A. It should be open. Let us illustrate: Have you ever watched a movie where the protagonist (or antagonist) sets a trap by extinguishing the pilot lights on the stove and cranks all the dials too high so the home or apartment fills with gas? That is why you always must have the lid open on a gas grill before lighting. If you don't, you run the risk of filling that small area with gas that will flare up or even explode when you ignite the grill. Always open the lid before sparking up your grill.
A. There can be many reasons why the flame repeatedly goes out on your gas grill. Figuring out what you need to do to fix the problem may take a little sleuthing. Is there sufficient fuel? Are all the parts functioning properly? Is there a leak?
No matter what the problem is, the first and best course of action is to open the lid, shut off the fuel at the tank and disconnect the fuel line. Then, turn all dials to full power, and let them stay open for five minutes to clear. Next, turn off all burners, reconnect the fuel line, slowly turn on the fuel at the tank and (keeping the lid open) ignite the grill.
In most cases, this will solve your problem. If it doesn't, you may either ask for help from a professional or replace (or clean) parts, such as the regulator and fuel line, but only if you are comfortable and confident doing that task.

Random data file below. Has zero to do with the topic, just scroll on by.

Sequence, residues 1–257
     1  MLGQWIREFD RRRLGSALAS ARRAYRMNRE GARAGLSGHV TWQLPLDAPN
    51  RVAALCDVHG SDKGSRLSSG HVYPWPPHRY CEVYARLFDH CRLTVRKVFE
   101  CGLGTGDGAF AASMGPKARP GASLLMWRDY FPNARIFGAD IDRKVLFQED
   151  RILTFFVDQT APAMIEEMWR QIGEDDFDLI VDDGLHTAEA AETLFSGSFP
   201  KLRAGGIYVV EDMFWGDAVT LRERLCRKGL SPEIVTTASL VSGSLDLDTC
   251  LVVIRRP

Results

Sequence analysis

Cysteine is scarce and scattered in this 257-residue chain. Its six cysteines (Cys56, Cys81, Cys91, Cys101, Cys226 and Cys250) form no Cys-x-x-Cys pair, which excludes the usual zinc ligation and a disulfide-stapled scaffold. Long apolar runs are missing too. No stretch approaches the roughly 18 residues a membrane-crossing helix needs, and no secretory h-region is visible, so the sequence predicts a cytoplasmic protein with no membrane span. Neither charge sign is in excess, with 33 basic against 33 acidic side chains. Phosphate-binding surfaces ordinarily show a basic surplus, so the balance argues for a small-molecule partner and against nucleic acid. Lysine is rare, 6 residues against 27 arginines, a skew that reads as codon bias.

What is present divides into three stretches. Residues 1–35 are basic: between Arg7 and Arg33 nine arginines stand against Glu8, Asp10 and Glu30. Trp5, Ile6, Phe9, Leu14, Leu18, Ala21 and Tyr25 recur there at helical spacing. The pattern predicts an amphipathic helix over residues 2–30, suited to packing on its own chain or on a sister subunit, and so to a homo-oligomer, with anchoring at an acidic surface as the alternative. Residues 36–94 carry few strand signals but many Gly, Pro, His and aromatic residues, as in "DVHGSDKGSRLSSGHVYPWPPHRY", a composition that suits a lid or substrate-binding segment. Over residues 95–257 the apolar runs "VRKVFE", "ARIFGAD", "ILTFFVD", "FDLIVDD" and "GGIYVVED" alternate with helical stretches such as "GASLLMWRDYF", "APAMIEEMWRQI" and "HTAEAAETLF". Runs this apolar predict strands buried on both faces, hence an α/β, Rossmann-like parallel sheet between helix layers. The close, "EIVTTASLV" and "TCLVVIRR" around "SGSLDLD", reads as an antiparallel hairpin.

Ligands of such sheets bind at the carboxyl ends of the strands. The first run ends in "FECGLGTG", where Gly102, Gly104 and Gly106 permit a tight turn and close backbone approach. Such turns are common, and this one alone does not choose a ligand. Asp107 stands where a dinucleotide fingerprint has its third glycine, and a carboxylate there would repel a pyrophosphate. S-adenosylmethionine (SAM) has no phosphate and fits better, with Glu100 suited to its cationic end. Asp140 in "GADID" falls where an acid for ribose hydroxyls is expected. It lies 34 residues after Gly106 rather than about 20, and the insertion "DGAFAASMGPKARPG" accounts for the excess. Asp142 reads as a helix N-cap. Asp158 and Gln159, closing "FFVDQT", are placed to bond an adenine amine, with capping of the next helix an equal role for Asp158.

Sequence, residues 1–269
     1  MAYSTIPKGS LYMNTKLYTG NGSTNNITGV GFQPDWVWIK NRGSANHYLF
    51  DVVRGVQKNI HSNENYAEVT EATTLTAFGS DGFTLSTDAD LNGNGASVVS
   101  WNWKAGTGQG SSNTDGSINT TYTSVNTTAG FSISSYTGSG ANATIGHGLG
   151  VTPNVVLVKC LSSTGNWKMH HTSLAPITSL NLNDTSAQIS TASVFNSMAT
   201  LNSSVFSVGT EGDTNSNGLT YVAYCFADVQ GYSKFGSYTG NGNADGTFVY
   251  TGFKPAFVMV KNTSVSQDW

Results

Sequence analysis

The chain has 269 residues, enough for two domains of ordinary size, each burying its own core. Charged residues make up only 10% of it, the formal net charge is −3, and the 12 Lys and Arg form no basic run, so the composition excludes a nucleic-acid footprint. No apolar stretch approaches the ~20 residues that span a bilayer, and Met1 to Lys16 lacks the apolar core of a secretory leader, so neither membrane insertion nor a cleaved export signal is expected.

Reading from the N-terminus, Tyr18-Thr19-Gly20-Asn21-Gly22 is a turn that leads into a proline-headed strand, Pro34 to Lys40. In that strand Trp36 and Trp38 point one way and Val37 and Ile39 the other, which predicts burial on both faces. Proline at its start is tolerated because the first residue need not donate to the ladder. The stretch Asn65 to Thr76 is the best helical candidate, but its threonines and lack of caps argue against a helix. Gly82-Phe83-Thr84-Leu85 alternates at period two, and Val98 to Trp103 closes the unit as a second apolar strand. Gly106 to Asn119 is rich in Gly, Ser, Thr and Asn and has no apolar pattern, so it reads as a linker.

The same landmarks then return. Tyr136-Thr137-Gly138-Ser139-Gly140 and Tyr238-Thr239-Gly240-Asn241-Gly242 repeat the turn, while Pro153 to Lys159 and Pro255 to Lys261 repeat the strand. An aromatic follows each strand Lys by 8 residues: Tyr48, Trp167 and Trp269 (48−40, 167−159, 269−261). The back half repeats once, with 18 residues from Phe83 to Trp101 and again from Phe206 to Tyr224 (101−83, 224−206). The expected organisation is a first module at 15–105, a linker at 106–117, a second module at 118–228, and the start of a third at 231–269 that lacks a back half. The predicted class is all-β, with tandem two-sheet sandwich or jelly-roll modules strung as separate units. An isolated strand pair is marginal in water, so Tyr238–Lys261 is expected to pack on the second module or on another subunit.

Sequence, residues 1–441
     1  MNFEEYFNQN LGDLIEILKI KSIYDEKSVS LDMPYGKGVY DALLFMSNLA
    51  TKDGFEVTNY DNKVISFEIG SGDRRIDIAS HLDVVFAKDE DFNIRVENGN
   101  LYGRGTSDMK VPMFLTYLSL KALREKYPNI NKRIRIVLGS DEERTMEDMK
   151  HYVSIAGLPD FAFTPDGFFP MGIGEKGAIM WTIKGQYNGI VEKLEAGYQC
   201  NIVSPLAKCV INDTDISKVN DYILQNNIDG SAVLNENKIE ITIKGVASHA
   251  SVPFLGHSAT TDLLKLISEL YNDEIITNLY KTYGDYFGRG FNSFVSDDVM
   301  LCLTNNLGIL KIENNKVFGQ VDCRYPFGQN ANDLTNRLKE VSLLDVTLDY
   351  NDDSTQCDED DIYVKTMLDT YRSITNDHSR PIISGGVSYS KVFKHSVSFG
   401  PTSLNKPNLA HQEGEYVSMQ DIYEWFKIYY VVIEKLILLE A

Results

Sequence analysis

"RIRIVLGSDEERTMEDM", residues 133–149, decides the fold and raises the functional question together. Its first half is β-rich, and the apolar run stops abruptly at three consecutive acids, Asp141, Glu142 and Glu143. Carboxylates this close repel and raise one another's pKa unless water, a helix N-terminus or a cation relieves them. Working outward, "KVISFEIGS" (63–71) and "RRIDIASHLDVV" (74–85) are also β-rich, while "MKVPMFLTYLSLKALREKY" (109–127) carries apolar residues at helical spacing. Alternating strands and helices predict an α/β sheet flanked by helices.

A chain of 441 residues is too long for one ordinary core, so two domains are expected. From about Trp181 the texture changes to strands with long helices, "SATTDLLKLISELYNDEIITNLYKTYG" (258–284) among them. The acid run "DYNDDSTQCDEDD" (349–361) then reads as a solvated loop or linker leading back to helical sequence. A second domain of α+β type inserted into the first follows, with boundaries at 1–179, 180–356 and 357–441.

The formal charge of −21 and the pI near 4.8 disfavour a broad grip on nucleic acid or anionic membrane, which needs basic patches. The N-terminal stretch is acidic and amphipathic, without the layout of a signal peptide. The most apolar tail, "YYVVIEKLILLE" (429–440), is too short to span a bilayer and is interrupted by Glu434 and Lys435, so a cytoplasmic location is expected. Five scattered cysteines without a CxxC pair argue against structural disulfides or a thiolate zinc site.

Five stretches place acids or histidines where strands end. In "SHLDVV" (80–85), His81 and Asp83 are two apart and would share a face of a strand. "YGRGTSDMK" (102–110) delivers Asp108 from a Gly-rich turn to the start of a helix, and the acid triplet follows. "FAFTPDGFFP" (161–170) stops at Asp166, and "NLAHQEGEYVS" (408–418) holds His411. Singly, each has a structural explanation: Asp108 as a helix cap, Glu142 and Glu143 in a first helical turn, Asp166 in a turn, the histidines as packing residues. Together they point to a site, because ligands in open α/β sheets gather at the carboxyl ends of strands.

A. Make sure your grill is completely cool and the valve to the propane tank or natural gas line is off. Remove and set aside the drip pan and heat shields. Fill a couple of buckets with warm water and dish detergent. Remove the cooking grates, and soak them in the sudsy water. Loosen debris and gunk from the inside of the grill with a clean rag. Tackle any tough, burned-on material with a wire brush.
After soaking the grates, use a rag to remove any particles that didn’t come off during the soak. Set the grates aside to dry. Once everything has dried, put the pieces back together. Remember, the more often you clean your gas grill, the longer it will last.
For the past eight years, Allen Foster has been researching, testing and evaluating products for BestReviews. He has also sold outdoor equipment at one of the largest home improvement chains in the country. Consequently, Allen has in-depth knowledge of products ranging from chainsaws to lawn mowers with a focus on outdoor grills. He is also an Eagle Scout and was raised cooking over fire pits and grills.